Have you ever hung up the phone or walked away from a conversation feeling overwhelmed, intimidated or just plain numb because the other party talked your ear off? This is especially disconcerting when it is a sales person or an expert in their field intent on telling you whatever they know, whether you want to hear it or not.
Having expertise in a field, or being skilled at an activity comes with some level of responsibility. It does not mean you must constantly demonstrate your expertise or abilities at all times. The world’s heavyweight champion boxer does not go around knocking people out at random, simply to show off that he can. Nor does a top surgeon spend hours at a party regaling attendees with a stitch by stitch detailed recap of her latest gall bladder removal, complete with slide show.
Wisdom, and When to Share It
Most skilled professionals, and experts, know when to provide expertise and when to hold back and let people inquire. They recognize that wisdom is to be imparted not dumped upon others. After more than twenty years in the window replacement business I could talk on the topic for hours, which might be appropriate if I was at a convention with my peers, but would certainly get me banned from cocktail parties and local social events.
Think about your own areas of expertise. Are you that person who can’t stop telling everyone what you know? Are you always selling yourself or your business? Or, are you approachable and invite others to engage with you? I’ve seen people in this industry who give the hard sell time and time again. They are not approachable. Personally, I’ve told my close friends and family that if I ever become that guy, to please let me know immediately and I’ll take a much needed vacation.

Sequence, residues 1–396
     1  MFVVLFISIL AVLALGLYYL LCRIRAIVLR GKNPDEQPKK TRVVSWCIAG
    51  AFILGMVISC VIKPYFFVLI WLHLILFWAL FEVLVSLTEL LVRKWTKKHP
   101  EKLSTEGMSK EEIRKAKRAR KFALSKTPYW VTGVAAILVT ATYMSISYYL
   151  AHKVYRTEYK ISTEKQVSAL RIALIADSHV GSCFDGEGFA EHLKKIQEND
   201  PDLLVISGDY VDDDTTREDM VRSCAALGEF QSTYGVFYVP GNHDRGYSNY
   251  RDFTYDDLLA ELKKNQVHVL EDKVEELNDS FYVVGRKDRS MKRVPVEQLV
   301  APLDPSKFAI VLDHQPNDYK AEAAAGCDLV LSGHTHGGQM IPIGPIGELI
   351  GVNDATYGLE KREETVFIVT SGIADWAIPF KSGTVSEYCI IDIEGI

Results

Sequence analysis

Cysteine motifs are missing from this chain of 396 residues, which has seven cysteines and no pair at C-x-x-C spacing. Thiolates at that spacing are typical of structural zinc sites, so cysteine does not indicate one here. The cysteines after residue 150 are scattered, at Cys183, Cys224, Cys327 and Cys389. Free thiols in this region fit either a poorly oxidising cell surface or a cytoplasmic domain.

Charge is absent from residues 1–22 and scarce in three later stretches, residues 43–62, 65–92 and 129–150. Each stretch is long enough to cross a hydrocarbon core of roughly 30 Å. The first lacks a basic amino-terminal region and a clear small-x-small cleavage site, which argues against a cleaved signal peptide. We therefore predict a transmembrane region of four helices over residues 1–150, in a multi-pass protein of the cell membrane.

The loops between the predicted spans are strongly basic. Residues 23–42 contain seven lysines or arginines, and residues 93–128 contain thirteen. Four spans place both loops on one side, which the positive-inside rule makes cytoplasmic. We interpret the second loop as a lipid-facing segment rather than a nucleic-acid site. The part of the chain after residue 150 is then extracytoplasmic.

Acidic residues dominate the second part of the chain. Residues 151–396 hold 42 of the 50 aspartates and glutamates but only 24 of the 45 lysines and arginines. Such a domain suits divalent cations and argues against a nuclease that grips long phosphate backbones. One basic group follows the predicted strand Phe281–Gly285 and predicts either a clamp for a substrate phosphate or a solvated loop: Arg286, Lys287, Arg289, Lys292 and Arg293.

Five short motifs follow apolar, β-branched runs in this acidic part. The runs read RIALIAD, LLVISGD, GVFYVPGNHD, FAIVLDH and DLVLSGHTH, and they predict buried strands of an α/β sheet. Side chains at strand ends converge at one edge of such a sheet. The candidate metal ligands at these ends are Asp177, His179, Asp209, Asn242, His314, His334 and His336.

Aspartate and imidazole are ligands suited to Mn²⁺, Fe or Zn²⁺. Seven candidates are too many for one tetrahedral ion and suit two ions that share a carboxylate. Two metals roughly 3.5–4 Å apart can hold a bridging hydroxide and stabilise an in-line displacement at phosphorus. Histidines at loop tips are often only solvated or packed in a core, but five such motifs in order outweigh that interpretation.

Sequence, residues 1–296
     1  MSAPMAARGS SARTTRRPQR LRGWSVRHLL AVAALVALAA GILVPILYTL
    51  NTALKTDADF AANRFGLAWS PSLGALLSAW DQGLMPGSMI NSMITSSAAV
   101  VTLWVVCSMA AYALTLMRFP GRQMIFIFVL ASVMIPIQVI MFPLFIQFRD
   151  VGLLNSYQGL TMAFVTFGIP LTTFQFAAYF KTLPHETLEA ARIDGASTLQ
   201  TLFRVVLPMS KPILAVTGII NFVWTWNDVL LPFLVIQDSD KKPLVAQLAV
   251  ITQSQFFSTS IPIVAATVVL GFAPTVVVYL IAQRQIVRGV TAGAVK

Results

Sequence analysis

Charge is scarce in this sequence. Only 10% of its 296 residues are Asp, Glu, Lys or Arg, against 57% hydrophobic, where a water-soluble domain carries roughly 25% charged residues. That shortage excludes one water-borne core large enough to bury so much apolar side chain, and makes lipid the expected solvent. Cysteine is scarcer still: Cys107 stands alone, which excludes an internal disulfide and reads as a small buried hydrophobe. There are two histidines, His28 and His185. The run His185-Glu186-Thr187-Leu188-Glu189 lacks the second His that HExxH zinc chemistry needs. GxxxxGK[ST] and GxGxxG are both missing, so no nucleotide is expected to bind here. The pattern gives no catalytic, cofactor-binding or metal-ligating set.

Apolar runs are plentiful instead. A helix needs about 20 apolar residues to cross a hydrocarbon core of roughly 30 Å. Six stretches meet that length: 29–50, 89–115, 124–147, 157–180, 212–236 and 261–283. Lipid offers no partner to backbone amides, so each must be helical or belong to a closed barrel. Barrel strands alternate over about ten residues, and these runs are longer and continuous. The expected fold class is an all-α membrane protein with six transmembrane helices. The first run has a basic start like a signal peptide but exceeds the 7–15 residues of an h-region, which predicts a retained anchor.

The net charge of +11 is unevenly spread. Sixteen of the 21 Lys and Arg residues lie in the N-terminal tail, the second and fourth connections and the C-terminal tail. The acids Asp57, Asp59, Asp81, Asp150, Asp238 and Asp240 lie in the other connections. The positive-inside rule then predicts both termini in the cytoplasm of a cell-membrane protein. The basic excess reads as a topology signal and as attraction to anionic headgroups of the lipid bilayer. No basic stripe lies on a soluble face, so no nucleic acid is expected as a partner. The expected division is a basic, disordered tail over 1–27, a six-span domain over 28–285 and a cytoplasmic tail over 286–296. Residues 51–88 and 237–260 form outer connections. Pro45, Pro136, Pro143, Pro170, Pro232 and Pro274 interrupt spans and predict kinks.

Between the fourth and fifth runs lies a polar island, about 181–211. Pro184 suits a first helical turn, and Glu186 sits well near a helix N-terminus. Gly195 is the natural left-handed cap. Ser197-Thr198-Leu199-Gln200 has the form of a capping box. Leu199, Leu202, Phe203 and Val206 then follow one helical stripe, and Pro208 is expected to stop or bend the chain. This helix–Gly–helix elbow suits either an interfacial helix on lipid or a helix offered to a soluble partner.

Finding the Right Amount
The truth be told, knowledge is somewhat like a window, you can open it all the way and get more wind than you want or you could open it a little bit to get a nice breeze. Now don’t get me wrong, there are times when a vast amount knowledge is necessary, such as when you are lecturing or teaching a room full of students, but not when trying to make home improvements.
When my brother and I meet new customers, we give them the short version of what we do and how long we’ve been doing it. Then it’s up to the customer to let us know their needs and ask us what they want to know so that we can provide that breeze of expertise as it pertains to their needs. We’re not trying to make you window replacement experts or confuse you with jargon, we’re simply trying to provide our expertise to meet your needs.
We strive to be “approachable experts” and not bombard you with information overload. Let’s talk… I promise there will be no quiz at the end of the conversation!